Virtual monochromatic spectral imaging with fast kilovoltage switching

Improved image quality as compared with that obtained with conventional 120-kVp CT

Kazuhiro Matsumoto, Masahiro Jinzaki, Yutaka Tanami, Akihisa Ueno, Minoru Yamada, Sachio Kuribayashi

Research output: Contribution to journalArticle

272 Citations (Scopus)

Abstract

Purpose: To compare image quality obtained in phantoms with virtual monochromatic spectral (VMS) imaging with that obtained with conventional 120-kVp computed tomography (CT) for a given radiation dose. Materials and Methods: Three syringes were filled with a diluted contrast medium (each syringe contained a contrast medium with a different iodine concentration [5, 10, or 15 mg of iodine per milliliter]), and a fourth syringe was filled with water. These syringes were placed in a torso phantom meant to simulate the standard human physique. The phantom was examined with a CT system and use of the fast kilovoltage switching (80 and 140 kVp) and conventional (120 kVp) modes. Image noise and contrast-to-noise (CNR) ratio were analyzed on VMS images and 120-kVp CT images. Results: Image noise on VMS images in the range of 67-72 keV was significantly lower than that on the 120-kVp CT images (P < .014). Image noise was lowest at 69 keV and was 12% lower when compared with that on 120-kVp CT images. CNR on the VMS images was highest at 68 keV. CNR on the VMS images obtained at 68 keV in the syringes filled with diluted contrast material (5, 10, and 15 mg of iodine per milliliter) was 28%, 31%, and 30% higher, respectively, compared with that on the 120-kVp CT images (P < .001). Conclusion: VMS imaging at approximately 70 keV yielded lower image noise and higher CNR than did 120-kVp CT for a given radiation dose. VMS imaging has the potential to replace 120-kVp CT as the standard CT imaging modality, since optimal VMS imaging may be expected to yield improved image quality in a patient with standard body habitus.

Original languageEnglish
Pages (from-to)257-262
Number of pages6
JournalRadiology
Volume259
Issue number1
DOIs
Publication statusPublished - 2011

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Tomography
Syringes
Noise
Iodine
Contrast Media
Radiation
Torso
Water

ASJC Scopus subject areas

  • Radiology Nuclear Medicine and imaging
  • Medicine(all)

Cite this

Virtual monochromatic spectral imaging with fast kilovoltage switching : Improved image quality as compared with that obtained with conventional 120-kVp CT. / Matsumoto, Kazuhiro; Jinzaki, Masahiro; Tanami, Yutaka; Ueno, Akihisa; Yamada, Minoru; Kuribayashi, Sachio.

In: Radiology, Vol. 259, No. 1, 2011, p. 257-262.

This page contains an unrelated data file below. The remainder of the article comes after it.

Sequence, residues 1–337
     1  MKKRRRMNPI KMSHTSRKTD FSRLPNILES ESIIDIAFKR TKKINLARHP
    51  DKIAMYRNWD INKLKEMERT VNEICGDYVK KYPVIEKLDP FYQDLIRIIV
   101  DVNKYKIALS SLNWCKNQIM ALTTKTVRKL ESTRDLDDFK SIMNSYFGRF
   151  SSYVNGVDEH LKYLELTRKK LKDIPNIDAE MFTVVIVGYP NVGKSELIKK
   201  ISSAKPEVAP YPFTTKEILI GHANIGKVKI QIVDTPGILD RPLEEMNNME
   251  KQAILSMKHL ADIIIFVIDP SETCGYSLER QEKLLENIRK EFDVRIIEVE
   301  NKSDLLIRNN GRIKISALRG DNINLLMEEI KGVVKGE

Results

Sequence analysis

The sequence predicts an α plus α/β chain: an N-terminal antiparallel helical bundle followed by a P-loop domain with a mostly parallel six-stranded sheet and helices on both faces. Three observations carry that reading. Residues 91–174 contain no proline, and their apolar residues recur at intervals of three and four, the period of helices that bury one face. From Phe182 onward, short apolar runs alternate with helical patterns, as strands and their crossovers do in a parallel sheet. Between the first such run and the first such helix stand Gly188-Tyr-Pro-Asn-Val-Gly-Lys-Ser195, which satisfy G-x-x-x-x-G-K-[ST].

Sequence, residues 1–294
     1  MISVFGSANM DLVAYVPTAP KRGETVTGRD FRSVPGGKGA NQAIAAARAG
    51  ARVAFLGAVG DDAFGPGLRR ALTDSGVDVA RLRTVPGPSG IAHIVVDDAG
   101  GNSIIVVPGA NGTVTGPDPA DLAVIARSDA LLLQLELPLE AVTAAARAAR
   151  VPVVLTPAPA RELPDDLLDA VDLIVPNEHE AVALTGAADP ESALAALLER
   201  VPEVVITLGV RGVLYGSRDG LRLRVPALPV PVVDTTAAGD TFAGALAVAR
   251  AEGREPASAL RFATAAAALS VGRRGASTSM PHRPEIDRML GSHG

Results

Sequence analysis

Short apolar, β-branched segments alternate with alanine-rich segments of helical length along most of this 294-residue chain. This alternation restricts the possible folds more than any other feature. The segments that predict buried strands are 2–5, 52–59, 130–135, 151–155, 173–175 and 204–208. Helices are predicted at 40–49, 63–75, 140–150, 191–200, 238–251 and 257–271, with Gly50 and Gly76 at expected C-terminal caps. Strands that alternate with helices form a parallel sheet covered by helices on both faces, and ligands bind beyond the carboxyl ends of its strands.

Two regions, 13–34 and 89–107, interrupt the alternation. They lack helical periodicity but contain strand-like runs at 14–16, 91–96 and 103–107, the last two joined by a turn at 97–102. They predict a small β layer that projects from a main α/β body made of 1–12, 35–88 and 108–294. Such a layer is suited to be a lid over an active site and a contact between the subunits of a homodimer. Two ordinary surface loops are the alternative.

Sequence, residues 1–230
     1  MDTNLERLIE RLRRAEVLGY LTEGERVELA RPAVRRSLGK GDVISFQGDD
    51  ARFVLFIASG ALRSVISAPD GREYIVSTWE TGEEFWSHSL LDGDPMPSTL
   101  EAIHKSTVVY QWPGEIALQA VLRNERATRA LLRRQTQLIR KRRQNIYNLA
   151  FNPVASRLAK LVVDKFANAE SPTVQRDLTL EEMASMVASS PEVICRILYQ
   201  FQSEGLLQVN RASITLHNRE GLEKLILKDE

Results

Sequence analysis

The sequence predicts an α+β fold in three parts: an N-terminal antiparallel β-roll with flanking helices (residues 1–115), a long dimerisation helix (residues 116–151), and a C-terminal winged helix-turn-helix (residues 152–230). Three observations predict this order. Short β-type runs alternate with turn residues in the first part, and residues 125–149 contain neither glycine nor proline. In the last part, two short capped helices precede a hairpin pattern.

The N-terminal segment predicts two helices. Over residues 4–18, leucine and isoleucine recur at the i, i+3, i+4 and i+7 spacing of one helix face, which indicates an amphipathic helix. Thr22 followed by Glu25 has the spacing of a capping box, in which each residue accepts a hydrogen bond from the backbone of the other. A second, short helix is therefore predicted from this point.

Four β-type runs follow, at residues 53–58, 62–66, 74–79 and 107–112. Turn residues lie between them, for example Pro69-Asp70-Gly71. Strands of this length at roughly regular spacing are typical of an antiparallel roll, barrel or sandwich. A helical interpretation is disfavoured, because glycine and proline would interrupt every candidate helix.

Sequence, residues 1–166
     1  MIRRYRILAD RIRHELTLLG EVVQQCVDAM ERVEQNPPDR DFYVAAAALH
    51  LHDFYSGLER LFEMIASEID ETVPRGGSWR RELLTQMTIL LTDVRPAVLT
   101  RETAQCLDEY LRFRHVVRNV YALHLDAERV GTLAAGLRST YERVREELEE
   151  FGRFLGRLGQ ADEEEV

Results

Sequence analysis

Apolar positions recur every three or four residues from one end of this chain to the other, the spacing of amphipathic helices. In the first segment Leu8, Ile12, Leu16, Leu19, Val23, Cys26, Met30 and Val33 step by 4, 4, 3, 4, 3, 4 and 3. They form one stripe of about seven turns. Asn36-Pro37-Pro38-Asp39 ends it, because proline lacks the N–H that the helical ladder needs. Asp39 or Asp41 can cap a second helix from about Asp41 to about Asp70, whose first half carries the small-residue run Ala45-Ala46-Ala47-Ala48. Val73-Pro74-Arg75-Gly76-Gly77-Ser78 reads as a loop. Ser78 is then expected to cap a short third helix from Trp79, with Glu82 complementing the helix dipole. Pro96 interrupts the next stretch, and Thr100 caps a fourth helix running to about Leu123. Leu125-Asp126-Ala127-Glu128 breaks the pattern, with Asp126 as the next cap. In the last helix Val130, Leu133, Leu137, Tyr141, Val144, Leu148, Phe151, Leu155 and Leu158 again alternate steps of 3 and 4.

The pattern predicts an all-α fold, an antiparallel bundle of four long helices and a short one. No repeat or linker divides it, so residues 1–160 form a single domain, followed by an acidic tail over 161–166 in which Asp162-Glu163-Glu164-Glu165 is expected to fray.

Research output: Contribution to journalArticle

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abstract = "Purpose: To compare image quality obtained in phantoms with virtual monochromatic spectral (VMS) imaging with that obtained with conventional 120-kVp computed tomography (CT) for a given radiation dose. Materials and Methods: Three syringes were filled with a diluted contrast medium (each syringe contained a contrast medium with a different iodine concentration [5, 10, or 15 mg of iodine per milliliter]), and a fourth syringe was filled with water. These syringes were placed in a torso phantom meant to simulate the standard human physique. The phantom was examined with a CT system and use of the fast kilovoltage switching (80 and 140 kVp) and conventional (120 kVp) modes. Image noise and contrast-to-noise (CNR) ratio were analyzed on VMS images and 120-kVp CT images. Results: Image noise on VMS images in the range of 67-72 keV was significantly lower than that on the 120-kVp CT images (P < .014). Image noise was lowest at 69 keV and was 12{\%} lower when compared with that on 120-kVp CT images. CNR on the VMS images was highest at 68 keV. CNR on the VMS images obtained at 68 keV in the syringes filled with diluted contrast material (5, 10, and 15 mg of iodine per milliliter) was 28{\%}, 31{\%}, and 30{\%} higher, respectively, compared with that on the 120-kVp CT images (P < .001). Conclusion: VMS imaging at approximately 70 keV yielded lower image noise and higher CNR than did 120-kVp CT for a given radiation dose. VMS imaging has the potential to replace 120-kVp CT as the standard CT imaging modality, since optimal VMS imaging may be expected to yield improved image quality in a patient with standard body habitus.",
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